What does all of this have to do with capitalism, aside from being a lefty's idiosyncratic way of looking at manufacturing bias? The simple answer is that these are examples of how capitalism is antidiversity. Whomever can manufacture the most product for the least money is likely to win the real-life monopoly game that corporations play. How do corporations cut down costs while churning out as much product as possible? Aside from firing employees and replacing them with machines, corporations can standardize their equipment so that all of the product is made exactly the same way -- as in guitars, golf clubs, fishing reels, scissors and even car pedals, all built for right handers only. Beyond handedness, their are standardized clothing sizes, with relatively few options in terms of shirt sizes, for instance. Cars, furniture, appliances, toys, paper, pens, pencils, whatever, are all made in standardized ways to suit the greatest number of people. People who don't fit the mold have to buy special equipment, perhaps even going to specialized stores and buying more expensive products. Beyond the standardization of manufacturing products, capitalism is also antidiversity through its inevitable gravitation toward monopolies. Over time, there are fewer and fewer corporations who own more and more of the economy. Of course, each corporation does things a certain way, and has stores with a given brand name which are all designed the same way. Last Friday, on Eunice's birthday, she decided to go to that "Mexican sandwich restaurant near Costco" called Portillo's Hot Dogs or something like that. It is in a sort of large, rectangular building, but I figured, since I had never heard of such a chain before, and since there are so many people of Hispanic origin living in Moreno Valley, that some Mr. Portillo who lived in town had decided to open a restaurant. I even have a Ms. Portillo in my summer session class currently, so it could have been her family. Such was not the case, however. It turns out that Portillo's is a chain restaurant from Illinois, which has just recently begun to expand outside of Illinois. Since it was relatively inexpensive, with relatively good food, and surprisingly good business for Moreno Valley which is a lousy place to do business in general except for bottom of the line bargain places, I anticipate that this chain will enjoy continued success. In a few years, there will probably be Portillo's restaurants all over the U.S. Once they conquer the U.S. market, of course, they will expand internationally. The larger point is that there are hardly any mom and pop, one-of-a-kind businesses anymore around here. We have a major shopping area which has opened up not far from where we live, with many new stores, and some older ones, but virtually all of them are large, national chain stores, with no other options. I think the same is true all over the United States. It is antidiversity, pro-monopoly, too-big-to-fail business. This is not good for society. I think we should have a law in the United States as India does, preventing chain stores from occuring. In India, each store must be one-of-a-kind, which helps their middle class tremendously, creating diversity and opportunities for its citizens. I have not heard anything about India's economy being in a tailspin, probably because their economy is doing well throughout this period of economic crisis for the more monopolistic nations.
An argument could be made that democracy itself encourages a similar "tyranny of the majority" as does capitalism. This is true to an extent; however, there is one huge mitigating factor which helps to keep the majority from acting tyanically in democracies. That is, democracies make constitutions and laws which assert the rights of the minority. Since almost everyone has family members or good friends who are members of one sort of minority or another, even if its only having a lefty in the family (for example, mine has 3 brothers who are all lefties, 2 foreign born Asian wives, Eurasian, Chinese, mestizo and Black children, a teenage nephew of mine who seems to be gay, plus people of a variety of religious/spiritual beliefs and non beliefs), it is difficult for citizens to encode any sort of discrimination into law, except under the most extreme of circumstances. There was a time when slavery was legal, a time when Chinese were not allowed to migrate to the United States, and during WWII, a time when Japanese-Americans were imprisoned in concentration camps, but we wound up being so embarrassed by these immoral actions, that Americans (most of us, at least) have become determined to never do such things again, and have written more and more protections for minorities into the Constitution and into law. Also, American society itself has become more diverse in various ways. In contrast, capitalistic corporations have no compulsion to "do the right thing." They are governed by profit, which means that they are motivated to do things the easiest, cheapest way, resulting largely in a lack of accomodation to the diversity of the human species. They do not make laws preventing discrimination against minority shopping populations. Any such laws which exist were made through democratic legislative processes.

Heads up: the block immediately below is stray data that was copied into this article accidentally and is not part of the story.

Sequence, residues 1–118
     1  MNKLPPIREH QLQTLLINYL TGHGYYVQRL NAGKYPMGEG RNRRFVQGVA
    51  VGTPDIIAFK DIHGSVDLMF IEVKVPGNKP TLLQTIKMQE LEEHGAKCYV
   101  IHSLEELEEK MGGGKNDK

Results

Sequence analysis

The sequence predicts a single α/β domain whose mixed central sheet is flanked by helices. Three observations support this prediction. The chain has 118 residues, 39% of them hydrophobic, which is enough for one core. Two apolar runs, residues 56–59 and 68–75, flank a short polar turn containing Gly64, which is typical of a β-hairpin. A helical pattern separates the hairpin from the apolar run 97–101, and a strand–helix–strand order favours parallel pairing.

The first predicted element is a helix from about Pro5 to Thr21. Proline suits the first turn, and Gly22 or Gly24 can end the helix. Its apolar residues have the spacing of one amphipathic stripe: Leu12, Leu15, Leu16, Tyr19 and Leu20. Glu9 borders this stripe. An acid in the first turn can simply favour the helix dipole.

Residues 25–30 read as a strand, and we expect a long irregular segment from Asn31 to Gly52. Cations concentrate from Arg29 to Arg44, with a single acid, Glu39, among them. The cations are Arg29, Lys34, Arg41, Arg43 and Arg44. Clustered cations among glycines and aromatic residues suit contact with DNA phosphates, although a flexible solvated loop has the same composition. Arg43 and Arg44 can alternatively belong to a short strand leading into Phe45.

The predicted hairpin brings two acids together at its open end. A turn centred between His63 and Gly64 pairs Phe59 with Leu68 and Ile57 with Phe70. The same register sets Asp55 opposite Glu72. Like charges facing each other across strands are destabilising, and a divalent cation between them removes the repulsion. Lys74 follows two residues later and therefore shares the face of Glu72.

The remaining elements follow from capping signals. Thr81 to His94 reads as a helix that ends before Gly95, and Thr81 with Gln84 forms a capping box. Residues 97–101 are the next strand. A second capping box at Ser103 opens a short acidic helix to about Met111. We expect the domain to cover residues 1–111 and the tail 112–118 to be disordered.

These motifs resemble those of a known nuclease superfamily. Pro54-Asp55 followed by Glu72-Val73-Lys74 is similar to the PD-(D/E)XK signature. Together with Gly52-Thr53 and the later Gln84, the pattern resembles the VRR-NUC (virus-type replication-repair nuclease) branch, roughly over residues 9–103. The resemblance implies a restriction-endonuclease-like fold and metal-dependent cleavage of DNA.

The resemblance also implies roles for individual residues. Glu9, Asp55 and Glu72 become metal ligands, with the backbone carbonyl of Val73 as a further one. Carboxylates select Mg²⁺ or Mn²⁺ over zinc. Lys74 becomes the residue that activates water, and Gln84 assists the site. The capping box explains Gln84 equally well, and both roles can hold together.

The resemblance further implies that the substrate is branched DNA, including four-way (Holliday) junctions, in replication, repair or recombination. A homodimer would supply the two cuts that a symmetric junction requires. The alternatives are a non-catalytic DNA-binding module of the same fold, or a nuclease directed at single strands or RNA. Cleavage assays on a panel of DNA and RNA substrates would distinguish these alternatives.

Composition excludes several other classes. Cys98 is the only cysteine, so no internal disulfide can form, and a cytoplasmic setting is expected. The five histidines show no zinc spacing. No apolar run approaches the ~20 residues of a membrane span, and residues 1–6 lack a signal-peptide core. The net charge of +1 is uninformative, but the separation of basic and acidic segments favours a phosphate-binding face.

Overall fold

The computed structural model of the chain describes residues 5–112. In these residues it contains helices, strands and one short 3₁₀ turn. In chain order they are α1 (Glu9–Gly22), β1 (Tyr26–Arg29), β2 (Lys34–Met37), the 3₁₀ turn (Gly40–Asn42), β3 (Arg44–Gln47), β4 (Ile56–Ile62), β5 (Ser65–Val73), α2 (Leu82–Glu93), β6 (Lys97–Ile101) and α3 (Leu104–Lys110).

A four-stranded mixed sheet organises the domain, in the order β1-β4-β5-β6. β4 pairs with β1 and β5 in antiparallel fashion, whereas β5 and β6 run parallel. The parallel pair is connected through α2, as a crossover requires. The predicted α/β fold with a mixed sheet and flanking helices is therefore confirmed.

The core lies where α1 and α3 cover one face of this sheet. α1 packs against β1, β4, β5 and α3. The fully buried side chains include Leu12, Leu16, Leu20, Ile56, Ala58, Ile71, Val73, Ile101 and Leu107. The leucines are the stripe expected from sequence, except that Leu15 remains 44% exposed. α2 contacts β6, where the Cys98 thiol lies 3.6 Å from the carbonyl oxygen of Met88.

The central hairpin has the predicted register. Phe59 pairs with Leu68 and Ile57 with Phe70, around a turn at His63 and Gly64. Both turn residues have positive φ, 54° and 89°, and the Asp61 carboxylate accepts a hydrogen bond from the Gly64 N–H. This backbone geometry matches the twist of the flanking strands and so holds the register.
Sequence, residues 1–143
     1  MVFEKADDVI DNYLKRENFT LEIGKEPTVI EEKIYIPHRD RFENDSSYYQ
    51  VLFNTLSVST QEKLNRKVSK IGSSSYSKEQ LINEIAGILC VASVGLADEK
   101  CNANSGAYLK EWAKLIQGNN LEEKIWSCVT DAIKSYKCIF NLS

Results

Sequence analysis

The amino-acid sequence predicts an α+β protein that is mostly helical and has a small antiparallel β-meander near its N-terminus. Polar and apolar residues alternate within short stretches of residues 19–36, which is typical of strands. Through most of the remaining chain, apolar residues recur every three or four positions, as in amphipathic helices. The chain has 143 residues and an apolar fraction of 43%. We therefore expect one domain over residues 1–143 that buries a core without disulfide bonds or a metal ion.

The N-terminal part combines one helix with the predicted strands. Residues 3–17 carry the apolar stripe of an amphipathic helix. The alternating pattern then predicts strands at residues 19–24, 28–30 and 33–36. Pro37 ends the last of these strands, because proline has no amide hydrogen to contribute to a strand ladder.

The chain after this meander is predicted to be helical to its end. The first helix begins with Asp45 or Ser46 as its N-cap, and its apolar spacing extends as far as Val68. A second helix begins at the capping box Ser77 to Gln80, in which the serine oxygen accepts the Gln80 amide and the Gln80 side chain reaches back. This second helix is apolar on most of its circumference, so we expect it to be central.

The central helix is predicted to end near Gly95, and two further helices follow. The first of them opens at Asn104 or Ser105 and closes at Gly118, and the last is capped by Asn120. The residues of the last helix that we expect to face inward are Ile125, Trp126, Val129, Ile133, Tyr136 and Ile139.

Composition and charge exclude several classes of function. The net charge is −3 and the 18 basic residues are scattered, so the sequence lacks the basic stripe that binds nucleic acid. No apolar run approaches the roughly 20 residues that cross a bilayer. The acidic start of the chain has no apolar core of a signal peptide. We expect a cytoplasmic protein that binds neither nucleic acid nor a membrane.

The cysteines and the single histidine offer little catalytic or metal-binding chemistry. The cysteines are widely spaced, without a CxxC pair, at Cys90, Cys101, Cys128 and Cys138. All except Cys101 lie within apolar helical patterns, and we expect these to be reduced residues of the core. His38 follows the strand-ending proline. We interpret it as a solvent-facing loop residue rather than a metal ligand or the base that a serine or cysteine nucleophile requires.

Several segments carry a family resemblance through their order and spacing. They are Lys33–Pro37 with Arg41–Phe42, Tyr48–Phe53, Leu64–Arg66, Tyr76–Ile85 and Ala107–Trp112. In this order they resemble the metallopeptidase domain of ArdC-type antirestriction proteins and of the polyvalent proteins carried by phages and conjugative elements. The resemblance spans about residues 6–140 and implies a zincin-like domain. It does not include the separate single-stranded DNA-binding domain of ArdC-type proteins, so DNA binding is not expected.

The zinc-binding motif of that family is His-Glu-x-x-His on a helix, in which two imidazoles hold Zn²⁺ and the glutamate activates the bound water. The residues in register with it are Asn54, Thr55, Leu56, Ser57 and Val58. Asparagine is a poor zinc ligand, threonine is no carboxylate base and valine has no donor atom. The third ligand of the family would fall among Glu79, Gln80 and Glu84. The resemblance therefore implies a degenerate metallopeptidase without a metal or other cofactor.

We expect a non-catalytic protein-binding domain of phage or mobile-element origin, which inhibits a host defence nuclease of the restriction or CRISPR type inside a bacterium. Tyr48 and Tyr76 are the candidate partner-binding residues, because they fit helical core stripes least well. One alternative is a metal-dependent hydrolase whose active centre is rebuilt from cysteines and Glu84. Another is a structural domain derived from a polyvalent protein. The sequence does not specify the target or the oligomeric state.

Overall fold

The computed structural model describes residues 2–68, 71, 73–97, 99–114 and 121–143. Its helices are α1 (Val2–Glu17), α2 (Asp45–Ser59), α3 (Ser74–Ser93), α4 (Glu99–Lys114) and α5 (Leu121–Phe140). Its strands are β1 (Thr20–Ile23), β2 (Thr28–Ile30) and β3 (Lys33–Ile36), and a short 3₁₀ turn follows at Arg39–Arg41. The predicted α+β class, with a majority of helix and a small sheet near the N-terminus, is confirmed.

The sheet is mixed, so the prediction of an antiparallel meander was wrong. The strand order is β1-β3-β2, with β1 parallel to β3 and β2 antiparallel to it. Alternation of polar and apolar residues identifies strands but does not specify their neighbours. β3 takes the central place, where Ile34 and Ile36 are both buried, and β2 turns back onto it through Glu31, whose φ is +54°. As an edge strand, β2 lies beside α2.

My final point for this post is that we should think of society in terms of an ecological analogy. Any ecologist will tell you that diversity is good for an ecosystem. That is why the current, human-caused extinction event in which we are losing a great many species is not only a tragedy on a spiritual level, but also, a dangerous thing for the immediate geological future of the world. Diversity in an ecosystem makes it stronger and well, more lively. Diverse ecosystems are better able to adapt to change, favoring certain traits as conditions change, and producing adaptive mutations which lead to new species. Ecosystems which lack diversity are vulnerable to ecological disaster. The same applies to human cultures. The "too-big-to-fail" phenomenon with large banks and corporations is emblematic of this problem. We have become a very vulnerable society -- vulnerable to financial and social collapse and chaos -- because as a society we have gone way too far down the road of capitalistic monopolization. Too many people either work for or depend upon too few businesses, despite the advent of new technologies over the years. We are paying for this poor choice now. This choice was not really made or widely backed by the public, in my opinion, but was a choice made largely by rich people and their politicians with relatively little consent by the public except for the natural tendency to buy the cheapest products, and the fact that many people have been fooled into voting for this ideology through exposure to their propaganda. The way to prevent it from happening again is to use democracy to create laws -- hopefully Constitutional ones -- which regulate and reduce the role of capitalism for the sake of the public good, so that corporatism cannot run amok ever again. In fact, the less capitalistic society becomes, the better it will allow for human needs and human diversity, in my opinion.